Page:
Fragment of a roof tile. Dimensions not specified. Found among other broken tiles on the floor of the church. The inscription was written before the tile was hardened in a kiln. Published by Michele Piccirillo in 1992.
+ ὁ θ(εὸ)ς τοῦ ἁ[(γίου) - - -]
"+ O God of Saint [- - -]!'
Text: Piccirillo 1992, 223, no. 74.
Saint NameSaints, name wholly or largely lost : S01744
Type of EvidenceInscriptions - Inscribed objects
Archaeological and architectural - Cult buildings (churches, mausolea)
Archaeological and architectural - Extant reliquaries and related fixtures
Evidence not before570
Evidence not after800
Activity not before570
Activity not after800
Place of Evidence - RegionArabia
Place of Evidence - City, village, etcUmm er-Rasas/Kastron Mefaa
Place of evidence - City name in other Language(s)Umm er-Rasas/Kastron Mefaa
Sakkaia / Maximianopolis
Sakkaia / Maximianopolis
Cult activities - PlacesCult building - independent (church)
Cult activities - Non Liturgical Practices and CustomsPrayer/supplication/invocation
Cult Activities - RelicsReliquary – institutionally owned
SourceThe 'Church of the Lions', so named after images of lions shown in the floor-mosaic of the choir, lies in the south sector of the 'ecclesiastical complex'. It was a three-aisled basilica (26.00 m x 15.00 m) with three apses at its east end (attached respectively to the nave and both aisles). The floors of the church are decorated with high quality mosaics showing birds, animals, cities, plants, and floral and geometric motifs. In a period of iconoclasm, many of the figures in the mosaics were carefully removed. The core structure was surrounded by a number of chambers, at least some of them seem to contain burial places. A large paved courtyard is adjacent to the north wall of the church.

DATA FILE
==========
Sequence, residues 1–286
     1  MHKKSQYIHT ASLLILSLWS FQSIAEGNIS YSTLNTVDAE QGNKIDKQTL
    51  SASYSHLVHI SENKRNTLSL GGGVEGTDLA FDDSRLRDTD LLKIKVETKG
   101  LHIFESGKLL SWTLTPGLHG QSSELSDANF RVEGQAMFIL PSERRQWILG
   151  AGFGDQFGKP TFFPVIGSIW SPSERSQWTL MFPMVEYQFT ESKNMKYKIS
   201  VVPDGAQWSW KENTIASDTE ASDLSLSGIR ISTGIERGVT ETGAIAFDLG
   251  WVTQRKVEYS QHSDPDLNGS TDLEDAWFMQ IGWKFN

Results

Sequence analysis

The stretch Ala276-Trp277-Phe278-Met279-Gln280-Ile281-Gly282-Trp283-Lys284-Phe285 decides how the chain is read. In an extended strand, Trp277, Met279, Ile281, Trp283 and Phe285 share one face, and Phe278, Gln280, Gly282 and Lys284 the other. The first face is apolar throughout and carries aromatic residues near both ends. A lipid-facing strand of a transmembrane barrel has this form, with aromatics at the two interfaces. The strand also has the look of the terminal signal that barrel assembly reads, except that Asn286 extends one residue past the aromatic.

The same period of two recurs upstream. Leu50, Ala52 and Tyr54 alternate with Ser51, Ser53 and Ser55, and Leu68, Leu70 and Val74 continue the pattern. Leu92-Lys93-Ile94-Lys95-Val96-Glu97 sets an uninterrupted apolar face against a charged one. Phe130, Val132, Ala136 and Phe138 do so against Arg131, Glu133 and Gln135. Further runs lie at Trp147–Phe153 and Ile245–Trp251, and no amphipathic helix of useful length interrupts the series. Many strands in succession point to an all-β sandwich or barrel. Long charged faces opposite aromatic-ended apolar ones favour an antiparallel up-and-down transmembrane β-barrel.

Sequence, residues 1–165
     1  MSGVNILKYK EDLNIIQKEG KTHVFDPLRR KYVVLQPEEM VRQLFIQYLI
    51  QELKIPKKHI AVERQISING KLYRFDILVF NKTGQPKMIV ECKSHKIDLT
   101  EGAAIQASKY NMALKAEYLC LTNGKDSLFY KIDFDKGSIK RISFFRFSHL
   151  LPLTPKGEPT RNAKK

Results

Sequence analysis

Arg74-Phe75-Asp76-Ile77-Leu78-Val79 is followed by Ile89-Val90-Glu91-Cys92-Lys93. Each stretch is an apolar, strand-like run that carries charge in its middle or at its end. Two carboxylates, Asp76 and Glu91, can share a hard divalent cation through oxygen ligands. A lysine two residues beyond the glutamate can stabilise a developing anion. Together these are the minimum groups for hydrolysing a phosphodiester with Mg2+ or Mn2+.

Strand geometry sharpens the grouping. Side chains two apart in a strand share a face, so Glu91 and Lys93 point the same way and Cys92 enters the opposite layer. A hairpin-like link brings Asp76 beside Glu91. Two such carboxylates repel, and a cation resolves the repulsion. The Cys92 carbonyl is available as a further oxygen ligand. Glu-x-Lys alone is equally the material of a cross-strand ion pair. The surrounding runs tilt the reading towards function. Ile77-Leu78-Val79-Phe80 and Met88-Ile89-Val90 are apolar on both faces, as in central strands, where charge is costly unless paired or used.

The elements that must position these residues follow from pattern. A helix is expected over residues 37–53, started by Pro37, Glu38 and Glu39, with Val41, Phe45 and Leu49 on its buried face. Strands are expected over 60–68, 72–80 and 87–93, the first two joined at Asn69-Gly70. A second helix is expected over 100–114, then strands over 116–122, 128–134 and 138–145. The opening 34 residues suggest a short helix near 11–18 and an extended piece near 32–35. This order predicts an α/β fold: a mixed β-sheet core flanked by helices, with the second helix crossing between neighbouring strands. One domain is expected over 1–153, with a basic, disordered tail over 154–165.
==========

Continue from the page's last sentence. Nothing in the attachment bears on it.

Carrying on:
Fragments of the casket of a marble reliquary with three cavities were found in the debris in the west sector of the nave. The reliquary was shaped as a small sarcophagus. Fragments of a lid with acroteria were also recorded. The apses at the end of both aisles were fitted with arched niches, presumably for the storage of relics.
The church was excavated by Michele Piccirillo on behalf of the Franciscan Archaeological Institute in Jerusalem between 1989 and 1992. There followed another campaign in 1998.
DiscussionThe inscription invokes the name of a saint, probably the patron of the church. For a similar inscription on a roof tile from Umm er-Rasas, see: E02566.
Dating: the date of the building inscription for the church can be computed as either 573 or 588, and our roof tile probably comes from the same period. The building was still used as a church in the late 8th c.
Piccirillo, M., "La chiesa dei Leoni a Umm al-Rasas - Kastron Mefaa", Liber Annuus 42 (1992), 223, no. 74.
Michel, A., Les églises d'époque byzantine et umayyade de Jordanie (provinces d'Arabie et de Palestine), Ve-VIIIe siècle: typologie architecturale et aménagements liturgiques (avec catalogue des monuments; préface de Noël Duval; premessa di Michele Piccirillo) (Bibliothèque de l'Antiquité tardive 2, Turnhout: Brepols, 2001), 403-407, no. 147 (for a description of the church).
Piccirillo, M., "La chiesa di San Paolo a Umm al-Rasas - Kastron Mefaa", Liber Annuus 47 (1997), 390 (mentioned).
Supplementum Epigraphicum Graecum 42, 1492.